Tragic death of young GAA star shocks county
A LIGHT has gone out in the heartlands of Mayo hurling. Not just any old light …. but one of the brightest. Nothing could have prepared us for the shock of the news that came through from faraway in Australia last Saturday morning.
Adrian Freeman (24), star of so many Tooreen games in recent years, dead after a car accident in Melbourne….? Incredible. You just don’t want to believe it, try and not take it in. Adrian, whose name probably featured in every game I covered that he played in, had departed this world? Impossible. And then slowly the desperation sets in. The reality dawns …. we will never see his silken skills on the hurling fields again.
Hurling ….the most Irish of all games, and Tooreen, the most “native” of all villages when it comes to the ancient game in Mayo. I recall starting a report sometime ago — “Tooreen and hurling are like Ginger Rogers and Fred Astaire of old. They dance to the rhythm of life.”
Adrian Freeman was part of that great tradition. It could have been no other way. His dad Seamus and uncles Eamonn and Michael Freeman played for Tooreen and Mayo. In the natural order of things, it was only proper that Adrian and his brother Cathal would follow in their footsteps. And that they did with grace and style.
They were following in the steps of so many noble wielders of the ash like the famous Henry family from Cappagh, the Greallys and Cunnanes, and a host of others who have been synonymous with hurling in Mayo.
Lads like Austin Henry who makes nothing of flying back from Morocco to attend club games. It is just part of life here in this corner of east Mayo that rubs a friendly shoulder with neighbouring Roscommon.
Because of Adrian’s fleetness of foot, someone called him “twinkle toes” …and this was shortened to “Twink”. It stuck. Even brother Cathal called him “Twink” when he was surging through on one of his famous runs or posting another class point from out the field.
In the Christy Ring Cup games, named after one of the Cuchulainn style heroes from Cork, and in the NHL, I watched Adrian turn in some fabulous displays. Against teams like Westmeath, Kerry, Carlow, Kildare, Derry, Wicklow and London, Adrian was a stalwart, usually ending up top scorer. “Freeman of Tooreen” was an obvious headline as he led his club to many a county success at underage level.
In the Belmont Hotel in Knock in recent years, I had the privilege of presenting medals and trophies to Adrian and the lads.
My special friendship with this club goes back many years, back to the great days of Joe, Vincent and Tony Henry, Michael Nolan, Eamonn Freeman, Johnny Cunnane, Dom Greally, and so many others who flew the blue and white with pride then and in the years that were to follow. And when Adrian donned the Irish jersey for the Shinty international against Scotland, it was yet another special day in the history of a very special club.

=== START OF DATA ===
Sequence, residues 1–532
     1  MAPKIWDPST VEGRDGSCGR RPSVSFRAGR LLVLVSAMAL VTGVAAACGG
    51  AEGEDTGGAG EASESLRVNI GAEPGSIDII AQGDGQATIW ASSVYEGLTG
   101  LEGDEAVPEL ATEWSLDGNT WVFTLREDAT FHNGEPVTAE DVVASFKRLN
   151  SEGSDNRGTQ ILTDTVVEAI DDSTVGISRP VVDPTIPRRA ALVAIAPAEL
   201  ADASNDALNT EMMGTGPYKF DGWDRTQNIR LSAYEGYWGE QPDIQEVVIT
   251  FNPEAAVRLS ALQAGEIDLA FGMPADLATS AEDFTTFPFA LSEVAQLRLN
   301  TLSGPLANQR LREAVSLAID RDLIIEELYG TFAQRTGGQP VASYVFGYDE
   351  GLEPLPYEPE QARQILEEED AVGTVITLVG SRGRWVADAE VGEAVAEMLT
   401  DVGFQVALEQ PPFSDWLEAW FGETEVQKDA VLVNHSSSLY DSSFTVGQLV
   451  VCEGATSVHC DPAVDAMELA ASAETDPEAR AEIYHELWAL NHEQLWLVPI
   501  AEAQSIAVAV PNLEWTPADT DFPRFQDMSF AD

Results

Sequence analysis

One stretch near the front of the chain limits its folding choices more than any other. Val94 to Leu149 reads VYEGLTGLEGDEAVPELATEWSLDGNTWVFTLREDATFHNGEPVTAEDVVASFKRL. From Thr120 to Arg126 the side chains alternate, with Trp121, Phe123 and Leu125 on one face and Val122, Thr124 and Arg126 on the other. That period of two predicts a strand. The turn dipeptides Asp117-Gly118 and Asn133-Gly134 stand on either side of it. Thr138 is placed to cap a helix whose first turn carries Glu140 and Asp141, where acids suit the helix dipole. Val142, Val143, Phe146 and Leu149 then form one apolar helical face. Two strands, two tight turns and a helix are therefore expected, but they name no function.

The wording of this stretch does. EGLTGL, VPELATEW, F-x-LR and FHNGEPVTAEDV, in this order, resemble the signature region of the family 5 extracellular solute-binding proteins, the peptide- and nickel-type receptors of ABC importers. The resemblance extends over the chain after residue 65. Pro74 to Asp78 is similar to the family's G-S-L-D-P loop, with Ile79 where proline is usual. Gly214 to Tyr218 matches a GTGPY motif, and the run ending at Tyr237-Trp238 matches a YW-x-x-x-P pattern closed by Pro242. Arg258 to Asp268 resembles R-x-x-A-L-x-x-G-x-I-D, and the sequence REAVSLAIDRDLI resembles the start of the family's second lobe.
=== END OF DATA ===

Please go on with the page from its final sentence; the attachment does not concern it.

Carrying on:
Adrian was a gifted footballer too, winning junior and intermediate county medals with Aghamore. But it was through hurling I knew him best, the quiet lad who did what had to be done, and whose spellbinding moments with the hurl (hurley) restored one’s belief in magic.
The hurling community in the West, by its nature, is a small one outside of Galway, but the bonds are extremely strong, especially with our colleagues in Roscommon and in clubs like Athleague, Oran, St Dominic’s (Knockcroghery), Four Roads and Tremane. In these places too, the loss of Adrian Freeman will be mourned in a way that only “family” can feel.
Dom Greally said it was the “blackest day” in the history of Tooreen Club and Johnny Cunnane told me Adrian was “an unbelievable guy, a great captain of our senior team last year”. All that is so true.
Last Saturday night (Sunday morning) at 4am, I was passing by Ballyhaunis GAA. It was heartbreaking to hear Adrian’s name and that of his Kerry friend Robert Twomey being mentioned again on the RTE radio news. All I could picture were the many times he hurled on that field from the juvenile grades to senior, sporting the jersey he loved with such passion and pride.
It is almost impossible to understand that we will not see Adrian in a Tooreen or Mayo jersey ever again. He was just such a lovely young lad. Now, he will remain forever young, celebrated and remembered in the hearts of all who loved him.
“Twink”, you twinkled with the stars. Even at 24, you were a legend. One of the very best. They would have loved you in Kilkenny and Cork, Tipperary and Galway, Waterford, Clare and Limerick, Wexford, Offaly and Laois and Dublin, why even in the grand glens of Antrim and everywhere they love the hurl and the sliothar.
To Seamus and Ita, Cathal and Louise and the extended Freeman family, our deepest condolences on this heart-breaking and most tragic occasion.